By Jack Walsh
The nervous one called Aaron couldn’t dance for shit. It was like watching a giraffe with a broken knee and an inflamed nutsack trying to do burpees. Not that the calf had ever seen that before. Or that burpees had even been developed as an exercise yet. One day, men who would come into work from the gymnasium and bend their knees and say to coworkers, “Oof. Leg day,” would also mention burpees a lot. Somehow, the calf just knew this. Knew it all. How the sunrise looked from the top of any and every mountain. Knew the truth about Stonehenge. Knew the decimal places of Pi. All of them. He knew everything all at once.
Which made pinning things down to a specific time kind of tricky. Just a little earlier (Was it today? Yesterday? A thousand years ago?) the calf had known nothing. To say he existed in a void implies awareness of it. He wasn’t aware. He wasn’t anything. But then, just like that, here he was. Golden. Gleaming in the firelight. The people cavorting around him. Naked. Chanting. Dancing. Worshipping. He wished he could offer an appreciative moo. The people seemed to maybe expect it.
The calf breathed in deeply. Smoky. Some sort of seasoning. Was that sage? He thought about it for a second. It was sage. It smelled delicious. Not that he could eat it. He couldn’t open his mouth. Didn’t even have a stomach, let alone the four of most cows. But somehow he was sated. Slaughtering a bull. Presenting burnt offerings. This pleased him. The smoke. The beef. And, sure, that part did seem a little contradictory and wrong, given his bovine form. But, what were wrong and right to the divine? Heh. Divine. Bovine. He suppressed a chuckle. He hoped Aaron had shaped his face to look stern. Amusement wouldn’t really inspire awe or reverence in his people.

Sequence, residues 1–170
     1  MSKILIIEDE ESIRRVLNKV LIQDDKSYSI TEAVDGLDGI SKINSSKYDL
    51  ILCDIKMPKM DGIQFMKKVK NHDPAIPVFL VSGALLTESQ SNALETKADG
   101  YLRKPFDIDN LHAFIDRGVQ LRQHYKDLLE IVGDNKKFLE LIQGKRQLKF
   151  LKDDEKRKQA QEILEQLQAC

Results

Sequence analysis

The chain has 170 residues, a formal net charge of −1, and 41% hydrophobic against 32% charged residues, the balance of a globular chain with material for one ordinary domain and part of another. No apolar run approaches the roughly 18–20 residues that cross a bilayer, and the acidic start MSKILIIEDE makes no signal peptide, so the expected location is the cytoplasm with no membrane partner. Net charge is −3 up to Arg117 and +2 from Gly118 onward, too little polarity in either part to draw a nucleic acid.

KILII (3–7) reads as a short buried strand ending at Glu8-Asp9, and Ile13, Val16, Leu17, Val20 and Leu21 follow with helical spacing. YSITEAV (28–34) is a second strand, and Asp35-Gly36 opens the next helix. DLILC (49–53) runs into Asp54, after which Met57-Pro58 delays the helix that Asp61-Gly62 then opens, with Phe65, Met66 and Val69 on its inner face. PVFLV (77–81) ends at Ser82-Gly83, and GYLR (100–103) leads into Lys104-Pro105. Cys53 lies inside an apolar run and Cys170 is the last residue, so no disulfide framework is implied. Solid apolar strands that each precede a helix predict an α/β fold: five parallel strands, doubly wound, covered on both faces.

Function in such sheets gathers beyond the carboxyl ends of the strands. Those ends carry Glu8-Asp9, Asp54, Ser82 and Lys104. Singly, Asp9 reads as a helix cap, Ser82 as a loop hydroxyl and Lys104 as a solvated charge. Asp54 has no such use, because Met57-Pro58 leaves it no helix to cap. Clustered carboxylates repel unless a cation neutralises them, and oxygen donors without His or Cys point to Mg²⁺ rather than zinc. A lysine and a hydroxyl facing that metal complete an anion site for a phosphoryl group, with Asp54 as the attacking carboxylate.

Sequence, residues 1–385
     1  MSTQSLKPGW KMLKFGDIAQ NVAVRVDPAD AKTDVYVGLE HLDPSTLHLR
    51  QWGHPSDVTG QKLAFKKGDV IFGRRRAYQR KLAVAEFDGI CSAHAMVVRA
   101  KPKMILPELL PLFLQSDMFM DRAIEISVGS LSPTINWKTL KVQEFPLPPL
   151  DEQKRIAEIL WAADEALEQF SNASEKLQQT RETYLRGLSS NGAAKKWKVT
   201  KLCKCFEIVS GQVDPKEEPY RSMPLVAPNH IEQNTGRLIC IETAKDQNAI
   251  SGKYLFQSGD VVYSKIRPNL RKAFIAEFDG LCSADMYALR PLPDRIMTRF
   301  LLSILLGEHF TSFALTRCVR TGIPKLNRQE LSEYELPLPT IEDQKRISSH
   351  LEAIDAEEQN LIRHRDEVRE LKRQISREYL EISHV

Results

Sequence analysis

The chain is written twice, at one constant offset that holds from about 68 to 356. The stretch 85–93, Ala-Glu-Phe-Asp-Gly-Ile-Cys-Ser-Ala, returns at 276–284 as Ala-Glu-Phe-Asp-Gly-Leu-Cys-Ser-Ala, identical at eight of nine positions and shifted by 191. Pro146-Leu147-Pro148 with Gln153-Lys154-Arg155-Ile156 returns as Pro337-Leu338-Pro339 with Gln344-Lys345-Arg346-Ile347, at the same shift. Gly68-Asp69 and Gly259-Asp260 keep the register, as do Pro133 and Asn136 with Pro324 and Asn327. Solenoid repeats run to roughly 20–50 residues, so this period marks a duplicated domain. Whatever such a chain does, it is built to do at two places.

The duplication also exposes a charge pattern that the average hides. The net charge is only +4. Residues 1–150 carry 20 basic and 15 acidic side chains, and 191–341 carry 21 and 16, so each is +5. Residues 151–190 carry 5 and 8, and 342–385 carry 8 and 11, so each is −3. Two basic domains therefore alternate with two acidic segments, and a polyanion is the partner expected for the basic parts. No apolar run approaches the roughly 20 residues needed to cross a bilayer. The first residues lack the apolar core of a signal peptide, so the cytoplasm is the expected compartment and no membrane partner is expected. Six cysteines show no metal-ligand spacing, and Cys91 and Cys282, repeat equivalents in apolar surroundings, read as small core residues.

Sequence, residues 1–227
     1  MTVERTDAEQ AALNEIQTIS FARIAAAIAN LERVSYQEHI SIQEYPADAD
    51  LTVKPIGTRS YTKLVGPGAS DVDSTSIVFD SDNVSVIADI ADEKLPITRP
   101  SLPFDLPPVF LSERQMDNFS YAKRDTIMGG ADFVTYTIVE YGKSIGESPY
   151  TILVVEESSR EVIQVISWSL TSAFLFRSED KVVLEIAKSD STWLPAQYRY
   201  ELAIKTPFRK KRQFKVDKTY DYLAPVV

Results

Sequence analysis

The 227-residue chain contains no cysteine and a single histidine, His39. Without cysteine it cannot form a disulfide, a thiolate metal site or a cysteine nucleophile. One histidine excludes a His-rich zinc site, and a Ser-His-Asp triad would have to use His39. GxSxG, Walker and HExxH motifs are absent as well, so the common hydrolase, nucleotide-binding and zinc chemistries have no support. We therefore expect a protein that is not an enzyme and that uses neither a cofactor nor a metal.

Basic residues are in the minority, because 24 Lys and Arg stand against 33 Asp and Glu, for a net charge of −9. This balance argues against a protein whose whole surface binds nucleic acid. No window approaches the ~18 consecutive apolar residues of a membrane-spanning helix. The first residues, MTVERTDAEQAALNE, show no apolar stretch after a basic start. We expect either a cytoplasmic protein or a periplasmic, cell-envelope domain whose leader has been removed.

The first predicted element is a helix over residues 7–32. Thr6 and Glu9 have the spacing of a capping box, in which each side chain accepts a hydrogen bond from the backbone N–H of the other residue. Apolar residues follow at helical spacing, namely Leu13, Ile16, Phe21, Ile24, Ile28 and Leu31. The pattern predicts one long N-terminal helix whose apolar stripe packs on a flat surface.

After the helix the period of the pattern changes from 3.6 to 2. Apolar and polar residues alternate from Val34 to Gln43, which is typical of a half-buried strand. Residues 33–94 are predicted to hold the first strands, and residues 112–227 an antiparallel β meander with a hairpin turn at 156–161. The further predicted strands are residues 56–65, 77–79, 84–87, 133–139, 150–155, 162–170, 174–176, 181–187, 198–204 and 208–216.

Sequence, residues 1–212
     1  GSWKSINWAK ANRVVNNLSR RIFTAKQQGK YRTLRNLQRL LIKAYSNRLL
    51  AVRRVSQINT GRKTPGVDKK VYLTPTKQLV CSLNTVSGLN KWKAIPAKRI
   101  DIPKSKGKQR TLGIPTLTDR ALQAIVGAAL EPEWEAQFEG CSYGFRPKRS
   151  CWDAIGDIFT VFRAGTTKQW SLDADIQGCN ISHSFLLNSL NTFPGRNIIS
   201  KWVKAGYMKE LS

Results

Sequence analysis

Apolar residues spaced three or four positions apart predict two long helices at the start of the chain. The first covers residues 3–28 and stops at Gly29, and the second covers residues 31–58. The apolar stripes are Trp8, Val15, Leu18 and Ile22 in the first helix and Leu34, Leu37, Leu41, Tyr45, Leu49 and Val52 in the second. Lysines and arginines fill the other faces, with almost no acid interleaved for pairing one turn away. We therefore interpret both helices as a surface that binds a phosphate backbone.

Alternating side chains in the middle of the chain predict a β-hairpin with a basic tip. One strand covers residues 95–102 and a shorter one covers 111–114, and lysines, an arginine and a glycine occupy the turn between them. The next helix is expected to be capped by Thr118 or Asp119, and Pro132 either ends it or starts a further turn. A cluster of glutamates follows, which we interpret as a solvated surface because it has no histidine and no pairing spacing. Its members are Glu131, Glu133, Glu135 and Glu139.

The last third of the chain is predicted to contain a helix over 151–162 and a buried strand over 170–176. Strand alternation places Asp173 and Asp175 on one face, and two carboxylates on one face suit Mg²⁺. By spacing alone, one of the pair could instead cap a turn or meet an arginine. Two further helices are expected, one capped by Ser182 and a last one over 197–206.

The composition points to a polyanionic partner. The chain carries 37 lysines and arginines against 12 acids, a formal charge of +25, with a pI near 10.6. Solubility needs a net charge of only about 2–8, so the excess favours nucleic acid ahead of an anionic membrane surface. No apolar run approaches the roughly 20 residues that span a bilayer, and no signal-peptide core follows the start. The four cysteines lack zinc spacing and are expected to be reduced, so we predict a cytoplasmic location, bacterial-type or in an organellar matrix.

“Up,” they had said to Aaron. “Make us gods, which shall go before us.”
Aaron had sighed. His brother had a mountain god, a god of plenty and protection and nature-warping miracles. But also of fire, and locusts, and vengeance. On balance, Moses’ god didn’t seem like one you would want to forsake. But, faith and reason and loyalty and patience weren’t an easy mix for the people. They’d said, “As for this Moses, the man who brought us up out of the land of Egypt, we know not what is become of him.”
Aaron’s brother had led the people through seas, deserts and mountains. He’d faced down the Pharaoh. The whole kingdom, really. He’d stood stoic in the face of plague. Of blood-soaked horror. But, Aaron’s backbone was not as stiff.
“Break off the golden earrings, which are in the ears of your wives, of your sons, and of your daughters,” he’d said, improvising as he went. “Bring them unto me.” The calf knew Aaron had felt uneasy about the whole thing. The melting of the gold. The shaping of his body. The making of a god. But then the wine started to flow. Given how Aaron was dancing now, he had gotten over it, at least for the rest of the night.
The drippings from the meat sizzled on the fire and gave off a savory smell. Umami? Was that what you called umami? The calf knew that one day, insufferable know-it-all foodies would use this to describe some flavor, but he couldn’t figure out what they would mean by it. Umami. He said it to himself again. It sounded funny. Heh. Ooo-mah-mi.
The calf took another deep breath. Not so much for the smell this time, but as a savoring of the moment. Just look at them all. They were ecstatic. Blissful.
They couldn’t know that a little later, Aaron’s brother would come down off the mountain and see all this and throw a shit-fit. He would scream and smash stone.
And the calf knew what would come next. Moses would pull him down. Grind him to dust. Mix the dust with water and make the people drink it. Godhood reduced to Ovaltine. Not as any sort of drink-your-vitamins-and-minerals gesture, but as penance. And even then, Moses would still have a few thousand of them killed. His god would demand it.
It would happen. Tonight? Years later? Sometime. But, for now, the calf just wanted to watch the moron dance some more.